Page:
clergyman with a bald head, white whiskers and a plaid shawl.

"Sit down, gentlemen," cried Grant, striking his hands heartily.
"Sit down all of you and have a glass of wine. As you say, there is
no harm in it, and if Captain Fraser had simply dropped me a hint I
could have saved him from dropping a good sum of money. Not that
you would have liked that, eh?"

The two duplicate clergymen, who were sipping their Burgundy with
two duplicate grins, laughed heartily at this, and one of them
carelessly pulled off his whiskers and laid them on the table.

"Basil," I said, "if you are my friend, save me. What is all this?"

He laughed again.

"Only another addition, Cherub, to your collection of Queer Trades.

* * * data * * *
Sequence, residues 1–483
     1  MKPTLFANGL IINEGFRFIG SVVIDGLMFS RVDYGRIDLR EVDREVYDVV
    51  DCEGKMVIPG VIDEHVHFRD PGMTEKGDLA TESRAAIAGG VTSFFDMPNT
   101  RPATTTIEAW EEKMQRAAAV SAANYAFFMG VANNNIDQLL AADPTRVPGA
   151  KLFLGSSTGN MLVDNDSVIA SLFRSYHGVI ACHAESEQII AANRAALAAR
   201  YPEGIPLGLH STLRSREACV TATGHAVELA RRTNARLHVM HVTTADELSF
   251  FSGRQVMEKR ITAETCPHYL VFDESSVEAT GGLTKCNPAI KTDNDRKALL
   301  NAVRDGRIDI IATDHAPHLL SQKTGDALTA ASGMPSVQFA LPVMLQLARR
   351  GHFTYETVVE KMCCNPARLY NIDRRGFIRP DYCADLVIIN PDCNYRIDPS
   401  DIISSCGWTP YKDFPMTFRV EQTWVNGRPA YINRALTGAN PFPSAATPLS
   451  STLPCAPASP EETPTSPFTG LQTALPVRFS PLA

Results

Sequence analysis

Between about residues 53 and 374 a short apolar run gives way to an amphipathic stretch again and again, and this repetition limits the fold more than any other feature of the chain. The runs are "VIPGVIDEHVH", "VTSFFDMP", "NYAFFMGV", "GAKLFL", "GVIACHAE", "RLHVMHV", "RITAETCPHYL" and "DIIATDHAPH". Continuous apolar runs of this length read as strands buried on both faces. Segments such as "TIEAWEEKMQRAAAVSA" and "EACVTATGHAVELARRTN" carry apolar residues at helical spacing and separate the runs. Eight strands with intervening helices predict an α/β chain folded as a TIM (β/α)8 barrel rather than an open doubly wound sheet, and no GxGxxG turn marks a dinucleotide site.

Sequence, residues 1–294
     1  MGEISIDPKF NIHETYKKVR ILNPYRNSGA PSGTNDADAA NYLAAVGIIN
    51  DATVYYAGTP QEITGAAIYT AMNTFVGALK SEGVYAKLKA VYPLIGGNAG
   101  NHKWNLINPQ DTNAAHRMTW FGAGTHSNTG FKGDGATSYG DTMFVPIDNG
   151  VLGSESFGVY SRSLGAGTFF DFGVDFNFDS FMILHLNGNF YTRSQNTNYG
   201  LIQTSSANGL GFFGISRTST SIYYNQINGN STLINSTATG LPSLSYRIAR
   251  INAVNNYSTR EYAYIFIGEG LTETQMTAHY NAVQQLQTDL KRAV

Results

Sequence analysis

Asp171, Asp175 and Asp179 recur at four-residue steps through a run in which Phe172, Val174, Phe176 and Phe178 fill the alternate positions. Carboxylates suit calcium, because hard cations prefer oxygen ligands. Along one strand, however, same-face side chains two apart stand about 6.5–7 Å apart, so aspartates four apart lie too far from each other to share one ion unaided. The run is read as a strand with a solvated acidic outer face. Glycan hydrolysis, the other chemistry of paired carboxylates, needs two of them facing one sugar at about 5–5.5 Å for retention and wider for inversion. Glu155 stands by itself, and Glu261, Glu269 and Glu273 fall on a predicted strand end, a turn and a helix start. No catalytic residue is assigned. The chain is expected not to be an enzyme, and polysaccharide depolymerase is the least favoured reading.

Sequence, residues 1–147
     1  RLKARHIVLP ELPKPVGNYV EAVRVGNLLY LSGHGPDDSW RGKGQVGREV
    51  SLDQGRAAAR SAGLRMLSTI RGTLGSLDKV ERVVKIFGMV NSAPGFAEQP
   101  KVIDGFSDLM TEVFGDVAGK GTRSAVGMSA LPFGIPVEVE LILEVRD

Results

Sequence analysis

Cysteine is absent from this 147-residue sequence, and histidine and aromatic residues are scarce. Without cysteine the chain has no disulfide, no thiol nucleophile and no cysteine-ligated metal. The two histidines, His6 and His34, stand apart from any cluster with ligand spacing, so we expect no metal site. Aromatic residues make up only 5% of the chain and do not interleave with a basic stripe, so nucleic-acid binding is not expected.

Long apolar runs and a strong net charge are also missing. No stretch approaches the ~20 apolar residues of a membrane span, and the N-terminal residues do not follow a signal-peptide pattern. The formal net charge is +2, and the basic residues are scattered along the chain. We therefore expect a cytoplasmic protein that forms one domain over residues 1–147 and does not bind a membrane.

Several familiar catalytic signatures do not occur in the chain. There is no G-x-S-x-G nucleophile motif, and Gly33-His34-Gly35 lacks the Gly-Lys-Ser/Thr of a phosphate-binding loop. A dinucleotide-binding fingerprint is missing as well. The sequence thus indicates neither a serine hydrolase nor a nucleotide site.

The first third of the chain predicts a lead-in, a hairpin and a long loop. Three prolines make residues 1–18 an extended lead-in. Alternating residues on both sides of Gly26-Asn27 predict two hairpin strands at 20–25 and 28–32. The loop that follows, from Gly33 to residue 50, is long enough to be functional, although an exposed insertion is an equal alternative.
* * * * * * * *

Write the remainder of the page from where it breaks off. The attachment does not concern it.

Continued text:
These two gentlemen (whose health I have now the pleasure of
drinking) are Professional Detainers."

"And what on earth's that?" I asked.

"It's really very simple, Mr Swinburne," began he who had once
been the Rev. Ellis Shorter, of Chuntsey, in Essex; and it gave
me a shock indescribable to hear out of that pompous and familiar
form come no longer its own pompous and familiar voice, but the
brisk sharp tones of a young city man. "It is really nothing very
important. We are paid by our clients to detain in conversation,
on some harmless pretext, people whom they want out of the way
for a few hours. And Captain Fraser--" and with that he hesitated
and smiled.

Basil smiled also. He intervened.

"The fact is that Captain Fraser, who is one of my best friends,
wanted us both out of the way very much. He is sailing tonight for
East Africa, and the lady with whom we were all to have dined is--
er--what is I believe described as `the romance of his life'. He
wanted that two hours with her, and employed these two reverend
gentlemen to detain us at our houses so as to let him have the
field to himself."